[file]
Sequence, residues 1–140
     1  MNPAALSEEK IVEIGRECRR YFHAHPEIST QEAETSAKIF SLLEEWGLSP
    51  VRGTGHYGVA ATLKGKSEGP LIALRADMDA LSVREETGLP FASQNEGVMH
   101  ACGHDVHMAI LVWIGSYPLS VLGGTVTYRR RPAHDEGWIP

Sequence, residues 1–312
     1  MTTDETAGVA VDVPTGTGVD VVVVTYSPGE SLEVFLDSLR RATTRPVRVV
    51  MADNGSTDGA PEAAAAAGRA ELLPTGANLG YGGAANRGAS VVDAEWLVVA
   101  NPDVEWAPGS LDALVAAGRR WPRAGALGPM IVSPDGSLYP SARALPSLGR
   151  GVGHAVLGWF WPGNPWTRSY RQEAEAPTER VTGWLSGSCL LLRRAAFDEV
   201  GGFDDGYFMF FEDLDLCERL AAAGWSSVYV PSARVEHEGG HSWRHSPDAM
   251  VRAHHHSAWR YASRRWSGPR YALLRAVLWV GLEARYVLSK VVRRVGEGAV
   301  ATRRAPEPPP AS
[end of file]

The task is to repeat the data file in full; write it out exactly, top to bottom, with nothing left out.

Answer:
Sequence, residues 1–140
     1  MNPAALSEEK IVEIGRECRR YFHAHPEIST QEAETSAKIF SLLEEWGLSP
    51  VRGTGHYGVA ATLKGKSEGP LIALRADMDA LSVREETGLP FASQNEGVMH
   101  ACGHDVHMAI LVWIGSYPLS VLGGTVTYRR RPAHDEGWIP

Sequence, residues 1–312
     1  MTTDETAGVA VDVPTGTGVD VVVVTYSPGE SLEVFLDSLR RATTRPVRVV
    51  MADNGSTDGA PEAAAAAGRA ELLPTGANLG YGGAANRGAS VVDAEWLVVA
   101  NPDVEWAPGS LDALVAAGRR WPRAGALGPM IVSPDGSLYP SARALPSLGR
   151  GVGHAVLGWF WPGNPWTRSY RQEAEAPTER VTGWLSGSCL LLRRAAFDEV
   201  GGFDDGYFMF FEDLDLCERL AAAGWSSVYV PSARVEHEGG HSWRHSPDAM
   251  VRAHHHSAWR YASRRWSGPR YALLRAVLWV GLEARYVLSK VVRRVGEGAV
   301  ATRRAPEPPP AS